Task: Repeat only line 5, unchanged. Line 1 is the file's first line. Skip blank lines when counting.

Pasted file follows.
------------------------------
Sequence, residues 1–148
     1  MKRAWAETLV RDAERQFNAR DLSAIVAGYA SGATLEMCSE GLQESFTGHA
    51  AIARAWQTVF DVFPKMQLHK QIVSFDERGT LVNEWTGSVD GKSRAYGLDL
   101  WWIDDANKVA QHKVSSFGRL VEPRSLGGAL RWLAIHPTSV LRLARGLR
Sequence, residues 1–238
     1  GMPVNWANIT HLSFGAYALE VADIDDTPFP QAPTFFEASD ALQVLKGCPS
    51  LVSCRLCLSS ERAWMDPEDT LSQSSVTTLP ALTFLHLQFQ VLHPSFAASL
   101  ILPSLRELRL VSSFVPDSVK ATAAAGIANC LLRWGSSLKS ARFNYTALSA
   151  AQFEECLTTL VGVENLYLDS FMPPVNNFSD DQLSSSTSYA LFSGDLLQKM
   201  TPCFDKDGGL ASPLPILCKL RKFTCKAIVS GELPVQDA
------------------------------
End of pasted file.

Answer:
Sequence, residues 1–238